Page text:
Software-Defined Networking Pioneer Martin Casado Looks Back, Forward - Page 2

But I wouldn't say they are application developers. If you are an application developer, you don't want to [program the network], but the people that build systems, they definitely want to. My original assumption was that programming a network was just programming. But what I learned is solving a problem for networking is very different for solving a problem for computation.

The large telcos have really embraced software-defined networking and network functions. How close are we from bringing this into the average enterprise?

VMware just announced a couple months ago that NSX was a billion-dollar run rate product. It's a really significant product that has a very broad customer base. Of the many things that I learned [at Nicira] is that there is no one network. There isn't "A Network." There is the data center network, the campus network, the wireless network, the WAN, and they're all going to evolve at their own pace. When it comes to virtual networking for VMs [virtual machines], NSX is classic SDN, which is fairly mature.

There are other areas that are starting to mature, like the white box. We're seeing a massive deployment of white boxes in traditional enterprises. Cumulus is the leader in this space, and they are seeing fantastic uptake from customers, even very traditional large customers. I think SD WAN is another area that we are seeing real maturation.

What do you think about what Barefoot Networks is doing with network hardware and programming?

One of the frustrating things about building networking software is that you don't have programmable chips. If you are building software for compute, you have general programmability. But for us, all of the networking chips were from traditional vendors, like Marvell and Broadcom, with fixed functions, and we'd go to them and say we just want some basic programmability, and they would always say no, basically.

It's not just a startup thing [at Nicira]. It's also the case for VMware. Either they didn't know how to do it or they didn't want to do it. But as a software player, it's impossible for us to have them put any functionality. We got zero in 10 years of trying. The great thing about Barefoot is it's got programmability built in by design, and probably the fastest chip on the planet, with full expressability. If Barefoot had existed, we would have been able to use that to do the functions that we wanted. I think this is a huge improvement.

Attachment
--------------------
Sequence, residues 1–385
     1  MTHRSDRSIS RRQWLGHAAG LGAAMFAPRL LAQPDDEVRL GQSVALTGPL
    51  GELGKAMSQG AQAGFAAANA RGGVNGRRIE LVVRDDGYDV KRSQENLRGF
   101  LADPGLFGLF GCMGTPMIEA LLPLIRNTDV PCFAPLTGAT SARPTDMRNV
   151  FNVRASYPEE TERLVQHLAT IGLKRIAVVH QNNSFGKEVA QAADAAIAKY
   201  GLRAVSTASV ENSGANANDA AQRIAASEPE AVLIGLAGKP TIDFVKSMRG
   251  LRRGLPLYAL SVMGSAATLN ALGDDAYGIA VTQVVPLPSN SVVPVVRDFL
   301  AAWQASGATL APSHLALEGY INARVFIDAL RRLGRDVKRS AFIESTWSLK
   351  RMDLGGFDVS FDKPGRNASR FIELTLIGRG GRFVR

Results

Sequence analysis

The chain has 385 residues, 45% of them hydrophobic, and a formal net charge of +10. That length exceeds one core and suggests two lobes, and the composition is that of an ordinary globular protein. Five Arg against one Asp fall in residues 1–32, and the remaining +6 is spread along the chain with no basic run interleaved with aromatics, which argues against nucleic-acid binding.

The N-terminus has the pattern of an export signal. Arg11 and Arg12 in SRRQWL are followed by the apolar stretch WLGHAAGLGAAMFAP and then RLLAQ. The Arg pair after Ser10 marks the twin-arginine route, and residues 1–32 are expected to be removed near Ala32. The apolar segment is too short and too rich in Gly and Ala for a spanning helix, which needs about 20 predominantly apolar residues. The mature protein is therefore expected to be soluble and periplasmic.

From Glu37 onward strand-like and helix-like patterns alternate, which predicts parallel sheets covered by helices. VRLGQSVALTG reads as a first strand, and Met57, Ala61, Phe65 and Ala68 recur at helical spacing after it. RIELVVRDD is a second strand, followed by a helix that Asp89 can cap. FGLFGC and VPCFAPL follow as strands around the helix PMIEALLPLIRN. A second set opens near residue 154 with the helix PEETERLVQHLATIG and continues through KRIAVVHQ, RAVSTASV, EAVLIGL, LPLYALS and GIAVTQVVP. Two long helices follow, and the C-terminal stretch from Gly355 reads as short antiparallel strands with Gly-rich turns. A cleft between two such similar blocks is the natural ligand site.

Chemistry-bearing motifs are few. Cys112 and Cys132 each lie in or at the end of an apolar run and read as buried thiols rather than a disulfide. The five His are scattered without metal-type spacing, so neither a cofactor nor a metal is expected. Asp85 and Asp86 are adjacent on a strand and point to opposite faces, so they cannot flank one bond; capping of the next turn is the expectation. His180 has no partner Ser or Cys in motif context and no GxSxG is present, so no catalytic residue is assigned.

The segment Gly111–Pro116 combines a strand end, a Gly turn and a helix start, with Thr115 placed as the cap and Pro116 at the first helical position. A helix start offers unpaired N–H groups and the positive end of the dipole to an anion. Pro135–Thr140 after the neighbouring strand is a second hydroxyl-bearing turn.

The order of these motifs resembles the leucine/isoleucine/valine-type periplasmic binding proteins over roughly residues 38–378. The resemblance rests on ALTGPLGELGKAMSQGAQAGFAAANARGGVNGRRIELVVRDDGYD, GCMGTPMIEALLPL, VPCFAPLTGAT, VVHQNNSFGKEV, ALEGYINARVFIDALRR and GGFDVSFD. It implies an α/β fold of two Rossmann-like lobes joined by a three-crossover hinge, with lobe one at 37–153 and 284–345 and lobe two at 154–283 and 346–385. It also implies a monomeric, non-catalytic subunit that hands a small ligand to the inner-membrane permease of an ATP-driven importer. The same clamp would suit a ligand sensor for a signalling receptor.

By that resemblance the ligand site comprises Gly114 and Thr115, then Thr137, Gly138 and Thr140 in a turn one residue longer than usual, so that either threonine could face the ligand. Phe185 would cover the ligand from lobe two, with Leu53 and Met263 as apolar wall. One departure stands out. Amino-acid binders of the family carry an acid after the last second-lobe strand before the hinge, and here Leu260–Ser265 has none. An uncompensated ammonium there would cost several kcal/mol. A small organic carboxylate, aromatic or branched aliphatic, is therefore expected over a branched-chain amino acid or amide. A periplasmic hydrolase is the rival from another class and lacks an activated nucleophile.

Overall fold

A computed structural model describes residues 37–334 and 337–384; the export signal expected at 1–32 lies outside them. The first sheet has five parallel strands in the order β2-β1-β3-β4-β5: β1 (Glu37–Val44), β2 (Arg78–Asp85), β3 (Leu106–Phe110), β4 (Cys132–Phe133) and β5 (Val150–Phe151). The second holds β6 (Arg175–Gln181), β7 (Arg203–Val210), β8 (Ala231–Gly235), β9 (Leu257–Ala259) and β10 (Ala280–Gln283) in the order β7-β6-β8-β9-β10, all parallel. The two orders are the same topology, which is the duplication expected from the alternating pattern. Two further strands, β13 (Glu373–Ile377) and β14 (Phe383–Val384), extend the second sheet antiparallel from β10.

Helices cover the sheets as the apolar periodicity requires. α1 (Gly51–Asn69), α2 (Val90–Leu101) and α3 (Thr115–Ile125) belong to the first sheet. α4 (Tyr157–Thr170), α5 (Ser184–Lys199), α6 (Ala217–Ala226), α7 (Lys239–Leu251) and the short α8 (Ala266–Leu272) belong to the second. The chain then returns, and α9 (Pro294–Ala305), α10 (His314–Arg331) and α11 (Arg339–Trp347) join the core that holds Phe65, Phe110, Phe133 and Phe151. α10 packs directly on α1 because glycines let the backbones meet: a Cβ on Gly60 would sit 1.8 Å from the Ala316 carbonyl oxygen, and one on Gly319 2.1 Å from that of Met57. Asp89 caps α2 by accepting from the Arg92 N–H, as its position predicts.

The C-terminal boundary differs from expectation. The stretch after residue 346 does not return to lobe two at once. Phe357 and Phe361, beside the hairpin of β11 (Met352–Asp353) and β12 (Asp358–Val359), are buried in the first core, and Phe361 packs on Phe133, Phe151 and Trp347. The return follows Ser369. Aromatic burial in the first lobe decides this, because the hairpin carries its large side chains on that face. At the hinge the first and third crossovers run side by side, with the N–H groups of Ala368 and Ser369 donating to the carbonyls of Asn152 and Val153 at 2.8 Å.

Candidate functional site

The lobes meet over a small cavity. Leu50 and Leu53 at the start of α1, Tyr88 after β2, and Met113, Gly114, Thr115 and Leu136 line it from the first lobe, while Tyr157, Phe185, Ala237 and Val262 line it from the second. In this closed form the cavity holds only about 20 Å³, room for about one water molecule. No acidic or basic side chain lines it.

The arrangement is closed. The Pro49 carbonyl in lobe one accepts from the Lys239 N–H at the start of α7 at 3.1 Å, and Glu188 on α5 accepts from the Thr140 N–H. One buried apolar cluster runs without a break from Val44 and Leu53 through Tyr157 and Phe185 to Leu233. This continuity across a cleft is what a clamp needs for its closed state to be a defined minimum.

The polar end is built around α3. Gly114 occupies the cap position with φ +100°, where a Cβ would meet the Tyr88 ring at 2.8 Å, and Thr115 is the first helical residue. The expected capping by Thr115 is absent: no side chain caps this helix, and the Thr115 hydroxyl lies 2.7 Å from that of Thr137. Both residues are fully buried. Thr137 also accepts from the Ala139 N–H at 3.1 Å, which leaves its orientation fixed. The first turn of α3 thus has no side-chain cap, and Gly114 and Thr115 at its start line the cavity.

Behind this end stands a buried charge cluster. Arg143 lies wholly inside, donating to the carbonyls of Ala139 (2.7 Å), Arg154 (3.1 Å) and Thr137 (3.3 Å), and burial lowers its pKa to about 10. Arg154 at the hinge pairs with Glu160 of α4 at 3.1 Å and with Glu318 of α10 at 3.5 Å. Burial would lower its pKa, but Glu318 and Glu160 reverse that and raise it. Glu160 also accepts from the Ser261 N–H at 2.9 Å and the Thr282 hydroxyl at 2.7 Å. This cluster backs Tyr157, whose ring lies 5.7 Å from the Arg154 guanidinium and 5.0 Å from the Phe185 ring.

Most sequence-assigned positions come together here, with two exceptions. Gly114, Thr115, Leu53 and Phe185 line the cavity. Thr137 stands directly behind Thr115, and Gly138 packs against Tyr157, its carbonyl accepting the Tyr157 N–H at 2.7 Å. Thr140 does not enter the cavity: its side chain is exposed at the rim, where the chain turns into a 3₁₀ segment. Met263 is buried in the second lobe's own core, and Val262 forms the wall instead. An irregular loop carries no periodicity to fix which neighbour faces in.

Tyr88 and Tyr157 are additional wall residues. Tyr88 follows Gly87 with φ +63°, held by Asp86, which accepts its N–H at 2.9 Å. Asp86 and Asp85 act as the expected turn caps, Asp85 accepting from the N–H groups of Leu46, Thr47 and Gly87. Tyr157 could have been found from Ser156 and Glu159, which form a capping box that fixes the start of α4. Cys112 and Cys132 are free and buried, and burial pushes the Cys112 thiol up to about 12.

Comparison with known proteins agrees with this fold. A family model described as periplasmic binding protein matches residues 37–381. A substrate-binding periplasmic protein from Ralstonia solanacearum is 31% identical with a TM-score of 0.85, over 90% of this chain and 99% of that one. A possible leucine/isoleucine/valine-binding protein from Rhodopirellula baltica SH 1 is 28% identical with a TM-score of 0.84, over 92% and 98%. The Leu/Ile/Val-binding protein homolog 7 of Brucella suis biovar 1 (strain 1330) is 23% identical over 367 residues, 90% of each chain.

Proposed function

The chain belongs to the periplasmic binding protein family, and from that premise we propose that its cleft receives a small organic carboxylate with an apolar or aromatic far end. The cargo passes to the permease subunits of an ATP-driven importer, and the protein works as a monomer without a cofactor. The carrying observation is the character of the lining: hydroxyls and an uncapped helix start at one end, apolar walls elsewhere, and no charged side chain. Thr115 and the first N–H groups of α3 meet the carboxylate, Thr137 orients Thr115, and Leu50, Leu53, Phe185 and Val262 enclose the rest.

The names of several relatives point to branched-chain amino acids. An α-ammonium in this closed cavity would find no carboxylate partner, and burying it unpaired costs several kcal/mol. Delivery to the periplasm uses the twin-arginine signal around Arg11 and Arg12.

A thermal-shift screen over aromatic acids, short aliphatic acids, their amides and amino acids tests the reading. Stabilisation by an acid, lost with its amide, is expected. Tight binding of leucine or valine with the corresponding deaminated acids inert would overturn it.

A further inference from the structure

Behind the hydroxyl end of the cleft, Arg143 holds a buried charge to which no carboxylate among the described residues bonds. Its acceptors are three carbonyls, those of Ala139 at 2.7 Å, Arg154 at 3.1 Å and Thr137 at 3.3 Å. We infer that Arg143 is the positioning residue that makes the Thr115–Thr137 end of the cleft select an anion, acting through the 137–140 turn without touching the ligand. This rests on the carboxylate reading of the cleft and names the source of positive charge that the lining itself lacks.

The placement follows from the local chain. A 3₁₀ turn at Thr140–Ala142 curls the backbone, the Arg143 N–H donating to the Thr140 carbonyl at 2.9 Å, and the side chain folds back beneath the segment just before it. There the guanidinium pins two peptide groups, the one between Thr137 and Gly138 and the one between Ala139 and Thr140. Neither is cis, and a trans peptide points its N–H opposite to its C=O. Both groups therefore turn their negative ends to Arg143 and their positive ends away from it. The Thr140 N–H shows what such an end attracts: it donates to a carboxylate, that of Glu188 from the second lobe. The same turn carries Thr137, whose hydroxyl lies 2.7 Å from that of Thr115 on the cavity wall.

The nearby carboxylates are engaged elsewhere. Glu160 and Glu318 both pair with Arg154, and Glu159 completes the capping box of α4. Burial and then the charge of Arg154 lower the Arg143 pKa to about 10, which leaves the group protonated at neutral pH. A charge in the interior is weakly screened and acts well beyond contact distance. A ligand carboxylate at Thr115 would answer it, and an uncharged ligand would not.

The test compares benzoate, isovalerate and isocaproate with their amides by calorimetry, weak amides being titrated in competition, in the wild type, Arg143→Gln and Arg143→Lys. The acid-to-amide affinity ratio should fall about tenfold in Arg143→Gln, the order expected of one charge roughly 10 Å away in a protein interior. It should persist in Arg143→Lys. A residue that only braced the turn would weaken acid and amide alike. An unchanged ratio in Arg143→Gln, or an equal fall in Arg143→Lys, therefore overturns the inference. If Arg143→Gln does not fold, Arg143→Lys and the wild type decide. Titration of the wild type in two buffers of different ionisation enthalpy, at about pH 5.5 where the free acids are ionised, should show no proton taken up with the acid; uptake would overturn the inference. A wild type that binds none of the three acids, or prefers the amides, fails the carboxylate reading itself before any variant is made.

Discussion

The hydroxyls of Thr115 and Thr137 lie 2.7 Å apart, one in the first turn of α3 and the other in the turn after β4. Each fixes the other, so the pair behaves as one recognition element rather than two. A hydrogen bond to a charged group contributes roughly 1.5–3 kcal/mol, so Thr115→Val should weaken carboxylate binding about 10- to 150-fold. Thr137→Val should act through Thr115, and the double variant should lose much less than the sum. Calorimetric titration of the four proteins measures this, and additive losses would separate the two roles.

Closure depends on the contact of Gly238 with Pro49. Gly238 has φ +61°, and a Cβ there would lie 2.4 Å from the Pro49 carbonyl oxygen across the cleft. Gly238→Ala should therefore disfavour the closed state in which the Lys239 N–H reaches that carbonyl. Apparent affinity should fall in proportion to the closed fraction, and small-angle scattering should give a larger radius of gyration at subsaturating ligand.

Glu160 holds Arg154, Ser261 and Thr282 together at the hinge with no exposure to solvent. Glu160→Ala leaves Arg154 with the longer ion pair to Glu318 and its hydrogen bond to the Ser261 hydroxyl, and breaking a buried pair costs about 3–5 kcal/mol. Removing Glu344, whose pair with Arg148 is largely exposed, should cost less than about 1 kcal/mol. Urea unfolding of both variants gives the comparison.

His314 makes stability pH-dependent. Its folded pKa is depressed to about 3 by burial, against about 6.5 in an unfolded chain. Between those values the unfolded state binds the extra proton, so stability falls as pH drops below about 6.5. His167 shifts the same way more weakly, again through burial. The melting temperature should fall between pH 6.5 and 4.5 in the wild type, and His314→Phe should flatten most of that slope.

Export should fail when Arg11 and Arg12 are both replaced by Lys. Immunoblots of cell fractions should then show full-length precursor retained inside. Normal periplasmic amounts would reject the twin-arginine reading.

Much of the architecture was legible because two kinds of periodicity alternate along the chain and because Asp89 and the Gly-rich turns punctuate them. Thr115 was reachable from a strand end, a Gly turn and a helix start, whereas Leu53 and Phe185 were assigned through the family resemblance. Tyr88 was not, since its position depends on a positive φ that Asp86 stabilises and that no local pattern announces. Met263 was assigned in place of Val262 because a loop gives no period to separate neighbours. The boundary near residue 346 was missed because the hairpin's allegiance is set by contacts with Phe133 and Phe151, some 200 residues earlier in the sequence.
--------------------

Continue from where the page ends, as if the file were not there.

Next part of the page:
What are your thoughts on the conference 10 years after you started Nicira?

In the very beginning this was a group of dreamers. There were academics and startups that didn't know what they were doing. Just a bunch of dreamers. There was almost no substance: there were talks, there were papers, there were ideas. But there was very little that you could point to.

The biggest difference is—the topics haven't changed, the people haven't changed, the ideas are largely the same—but now this is mature. There are real production deployments, real companies, real products, real success cases. Being part of this journey for 10 years, it's awesome to see this happening.

Scot Petersen

Scot Petersen

Scot Petersen is a technology analyst at Ziff Brothers Investments, a private investment firm. Prior to joining Ziff Brothers, Scot was the editorial director, Business Applications & Architecture,...